HumanInsight Assessing optometric care delivered by telehealth during the COVID-19 public health emergency
Ther Adv Ophthalmol. 2022 Sep 29;14:25158414221123526. doi: 10.1177/25158414221123526. eCollection 2022 Jan-Dec.
BACKGROUND: The emergence of coronavirus disease 2019 (COVID-19) forced many eye care providers to implement telehealth services while in-person visits were reserved for essential and/or emergency eye care.
OBJECTIVE: This study documents how an optometry group successfully implemented telehealth to care for patients during the outbreak of the COVID-19 pandemic in the United States.
DESIGN: Retrospective, comparative case series.
METHODS: Records were reviewed for patients seen in an academic optometry clinic from 23 March through 7 April 2020, the period of the Massachusetts stay-at-home advisory issued in response to COVID-19. Patients who completed telehealth visits were compared with those who received in-person care. Services delivered by telehealth included a check of symptoms, medication refills, health education, and assurance of future follow up. The study took into account the reason for each visit, as well as the rate of scheduled and completed follow-up appointments. Patient satisfaction with in-person care was evaluated by Press Ganey patient experience surveys.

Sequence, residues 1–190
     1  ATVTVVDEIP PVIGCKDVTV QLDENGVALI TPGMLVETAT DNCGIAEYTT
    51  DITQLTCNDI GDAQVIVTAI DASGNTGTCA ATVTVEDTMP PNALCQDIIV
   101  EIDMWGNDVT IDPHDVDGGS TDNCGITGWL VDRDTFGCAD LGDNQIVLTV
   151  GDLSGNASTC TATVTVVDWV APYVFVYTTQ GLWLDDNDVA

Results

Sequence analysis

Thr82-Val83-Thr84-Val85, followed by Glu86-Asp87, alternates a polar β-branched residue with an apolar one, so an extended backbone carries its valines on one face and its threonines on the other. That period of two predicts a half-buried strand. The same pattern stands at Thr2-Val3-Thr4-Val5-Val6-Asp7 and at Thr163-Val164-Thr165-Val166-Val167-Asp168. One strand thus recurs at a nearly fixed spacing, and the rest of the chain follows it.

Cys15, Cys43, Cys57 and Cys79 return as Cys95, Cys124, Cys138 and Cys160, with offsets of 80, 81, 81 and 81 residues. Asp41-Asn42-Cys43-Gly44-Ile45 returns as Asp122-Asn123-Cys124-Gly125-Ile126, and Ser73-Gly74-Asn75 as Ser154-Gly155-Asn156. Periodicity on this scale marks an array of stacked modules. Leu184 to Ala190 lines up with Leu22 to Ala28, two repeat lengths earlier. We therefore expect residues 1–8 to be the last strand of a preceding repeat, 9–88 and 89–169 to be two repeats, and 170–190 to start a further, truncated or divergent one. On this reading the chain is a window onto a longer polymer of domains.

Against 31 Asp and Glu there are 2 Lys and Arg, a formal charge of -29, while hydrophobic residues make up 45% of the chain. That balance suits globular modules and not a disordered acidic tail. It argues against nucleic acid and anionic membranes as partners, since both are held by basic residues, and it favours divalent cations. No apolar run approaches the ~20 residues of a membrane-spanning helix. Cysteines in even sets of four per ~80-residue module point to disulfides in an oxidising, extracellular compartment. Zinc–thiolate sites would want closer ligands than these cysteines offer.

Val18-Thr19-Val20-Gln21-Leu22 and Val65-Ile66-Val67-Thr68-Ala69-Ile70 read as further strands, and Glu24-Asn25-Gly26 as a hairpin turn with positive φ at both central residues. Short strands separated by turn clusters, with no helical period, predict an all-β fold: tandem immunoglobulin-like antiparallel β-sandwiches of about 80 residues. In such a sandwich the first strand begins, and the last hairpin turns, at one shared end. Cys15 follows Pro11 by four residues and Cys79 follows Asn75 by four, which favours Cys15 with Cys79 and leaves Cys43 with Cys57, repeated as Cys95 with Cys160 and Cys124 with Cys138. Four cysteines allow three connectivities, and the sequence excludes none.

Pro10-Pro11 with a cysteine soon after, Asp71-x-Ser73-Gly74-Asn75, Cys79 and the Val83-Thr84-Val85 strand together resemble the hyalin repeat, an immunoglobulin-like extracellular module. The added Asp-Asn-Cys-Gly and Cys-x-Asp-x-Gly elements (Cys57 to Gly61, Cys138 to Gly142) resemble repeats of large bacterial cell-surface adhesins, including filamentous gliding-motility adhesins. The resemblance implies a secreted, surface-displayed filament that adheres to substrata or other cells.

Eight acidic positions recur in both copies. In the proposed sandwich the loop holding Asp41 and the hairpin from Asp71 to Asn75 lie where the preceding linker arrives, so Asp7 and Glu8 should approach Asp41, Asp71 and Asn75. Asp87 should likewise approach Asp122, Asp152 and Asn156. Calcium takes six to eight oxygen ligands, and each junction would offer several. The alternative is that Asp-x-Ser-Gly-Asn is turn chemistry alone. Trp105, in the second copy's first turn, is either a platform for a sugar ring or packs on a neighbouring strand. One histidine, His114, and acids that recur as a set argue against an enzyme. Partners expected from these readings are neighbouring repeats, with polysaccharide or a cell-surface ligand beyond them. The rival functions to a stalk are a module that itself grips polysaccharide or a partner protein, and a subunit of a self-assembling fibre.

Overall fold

RESULTS: Out of 855 patients scheduled, 421 patients completed telehealth encounters (49%), and 46 patients completed in-clinic visits (5.4%). A further 272 patients canceled appointments (32%), 123 patients were unable to be contacted (14%), and 8 patients declined care offered by telehealth (0.94%). Most patients who were cared for by telehealth returned to see optometrists (88%). By contrast, most patients who required in-person visits during this period were subsequently seen by ophthalmologists (58%, p < 0.001). Patient satisfaction remained high for in-person visits that took place during the COVID-19-related emergency, with improvements noted in patient satisfaction regarding 'information about delays' (47 % versus 100%, p = 0.007) and 'concern for questions or worries' (76% versus 100%, p = 0.037) compared with the same period 1 year prior.
CONCLUSION: Optometrists rapidly embraced telehealth to deliver eye care to their patients during the COVID-19 public health emergency. Most eye issues were able to be addressed through telehealth; urgent eye problems were triaged and referred to the optometry clinic, when appropriate.
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